The Organ of Reality
TOUCHING A NERVE: The Self as Brain. Patricia S. Churchland. 304 pp. W. W. Norton, 2013. $26.95.
We are what we are because our brains are what they are. That connection between self and brain—obvious yet endlessly elusive—lies at the foundation of some of life’s most profound questions. What part of our body thinks our thoughts and binds us to morals? Is there a soul? An afterlife? How do we know what is real? Addressing such matters requires taking an outside view of an organ that we are all forced to experience from the inside. Making headway toward answers requires thinking simultaneously like a philosopher and a neuroscientist.
Fortunately, Patricia Churchland is both: a philosopher turned neuroscientist, who once taught a course called neurophilosophy to undergraduates at the University of California, San Diego. She begins her new book by walking the reader through her three-point organizational logic. This section is not a page-turner, but it sets the foundation for all that follows. Point one: Integrating reality into our state of mind allows us to avoid danger (for example, by preventing disease) and improve our world (by finding cures). Two: Wishful fantasy may be enjoyable, but it is temporary. Conversely, knowledge of what is true and real may be repugnant, but facts will triumph, as Churchland illustrates through the case of Galileo and the Catholic Church. Third: We can control how we use science. An excess of knowledge does not hurtle us to Armageddon.
Touching a Nerve is not a neuroscience textbook; it is accurate, without the burden of excessive scientific detail. Instead, Churchland crafts a big-picture discussion of how the brain engineers human consciousness, thought, and behavior, presenting the underlying science in a conversational tone that’s lively and engaging. She aims to make science relevant, exciting, accessible.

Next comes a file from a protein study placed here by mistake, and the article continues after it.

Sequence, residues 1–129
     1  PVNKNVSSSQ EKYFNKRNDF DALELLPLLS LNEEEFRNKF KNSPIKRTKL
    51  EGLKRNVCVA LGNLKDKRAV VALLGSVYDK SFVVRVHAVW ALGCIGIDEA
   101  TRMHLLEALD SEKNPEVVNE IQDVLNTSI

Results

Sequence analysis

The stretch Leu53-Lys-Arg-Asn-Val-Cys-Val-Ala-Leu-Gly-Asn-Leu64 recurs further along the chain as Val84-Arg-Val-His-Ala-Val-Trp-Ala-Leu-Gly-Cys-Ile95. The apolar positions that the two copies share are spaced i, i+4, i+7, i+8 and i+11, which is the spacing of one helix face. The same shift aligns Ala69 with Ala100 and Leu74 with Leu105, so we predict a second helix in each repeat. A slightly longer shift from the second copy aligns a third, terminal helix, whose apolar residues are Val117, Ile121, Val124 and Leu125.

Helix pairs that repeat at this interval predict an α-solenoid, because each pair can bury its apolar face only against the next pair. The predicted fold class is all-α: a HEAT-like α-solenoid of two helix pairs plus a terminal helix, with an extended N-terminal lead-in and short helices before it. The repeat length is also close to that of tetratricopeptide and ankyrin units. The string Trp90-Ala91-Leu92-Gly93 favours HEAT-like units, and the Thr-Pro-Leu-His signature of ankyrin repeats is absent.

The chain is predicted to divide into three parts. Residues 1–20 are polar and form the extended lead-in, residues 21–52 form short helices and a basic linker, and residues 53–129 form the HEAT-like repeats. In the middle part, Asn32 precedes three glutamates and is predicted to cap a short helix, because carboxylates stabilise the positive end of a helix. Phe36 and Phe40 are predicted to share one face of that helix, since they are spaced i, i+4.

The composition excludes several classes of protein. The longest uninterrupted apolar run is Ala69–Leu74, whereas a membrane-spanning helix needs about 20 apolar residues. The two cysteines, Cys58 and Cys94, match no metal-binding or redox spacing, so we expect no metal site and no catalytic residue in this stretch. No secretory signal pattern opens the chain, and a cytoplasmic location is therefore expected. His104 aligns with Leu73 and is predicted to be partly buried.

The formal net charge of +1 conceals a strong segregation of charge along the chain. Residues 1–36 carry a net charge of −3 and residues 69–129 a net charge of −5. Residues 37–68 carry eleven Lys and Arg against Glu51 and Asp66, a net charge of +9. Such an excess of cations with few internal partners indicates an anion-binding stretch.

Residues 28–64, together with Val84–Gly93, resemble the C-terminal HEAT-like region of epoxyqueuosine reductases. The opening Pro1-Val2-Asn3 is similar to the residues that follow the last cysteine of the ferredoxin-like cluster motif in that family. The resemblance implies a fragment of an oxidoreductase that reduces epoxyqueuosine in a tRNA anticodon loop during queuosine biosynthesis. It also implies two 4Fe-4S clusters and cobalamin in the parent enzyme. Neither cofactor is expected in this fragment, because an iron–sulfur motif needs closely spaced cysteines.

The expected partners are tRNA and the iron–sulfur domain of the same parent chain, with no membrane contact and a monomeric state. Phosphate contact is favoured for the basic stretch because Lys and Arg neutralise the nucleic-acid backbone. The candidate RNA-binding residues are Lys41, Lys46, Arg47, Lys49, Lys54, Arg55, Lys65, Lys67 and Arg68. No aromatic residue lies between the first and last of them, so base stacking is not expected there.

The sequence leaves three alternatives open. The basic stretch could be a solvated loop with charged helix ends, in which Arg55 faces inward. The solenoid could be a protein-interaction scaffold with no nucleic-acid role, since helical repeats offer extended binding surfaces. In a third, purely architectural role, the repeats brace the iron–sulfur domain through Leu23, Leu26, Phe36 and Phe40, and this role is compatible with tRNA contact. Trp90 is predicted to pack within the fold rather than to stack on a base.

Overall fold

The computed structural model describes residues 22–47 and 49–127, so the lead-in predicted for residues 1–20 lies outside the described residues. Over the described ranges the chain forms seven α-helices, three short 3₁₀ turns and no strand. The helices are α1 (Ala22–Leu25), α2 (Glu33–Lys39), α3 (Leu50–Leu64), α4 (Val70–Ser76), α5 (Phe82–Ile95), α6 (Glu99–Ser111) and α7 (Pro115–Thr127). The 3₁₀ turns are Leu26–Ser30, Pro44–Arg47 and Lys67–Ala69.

When Churchland explores the origins of moral behavior, she lays out the thesis that the mammalian brain is wired for self-care and the care of others. And yet, as she notes, the people we love often provoke us to anger. Paradoxically, an individual can shift from a state of mind we call love to one that allows him or her to commit an “honor killing.”
Churchland devotes another chapter to aggression and sex, digging deeply as she engages some enduring mysteries. What is the lure of hatred and aggression? Why are we so predisposed to frame interactions as “us versus them”? Churchland outlines her intriguing belief that hate and aggression are linked to the brain’s sensation of pleasure. (Why else would gossip be so enjoyable?) This chapter is an interesting sausage of overlapping topics that could easily fill many more pages. Here the author mixes her personal experience with science, an effective approach for such potent subject matter. The reader almost feels part of the conversation.
I was initially apprehensive when I got to the part of the book where Churchland takes on the contentious topic of “testosterone poisoning.” The term suggests that iconic masculine behavior may be ridiculed as a hangover from prehistory. Would Churchland be condescending here, I wondered, presenting feminine traits as more progressive and enlightened, even a new unisex norm? No. Instead, she gives a balanced view of why so much of human behavior extends from the deep biological roots of distinctly different female-brain and male-brain behaviors.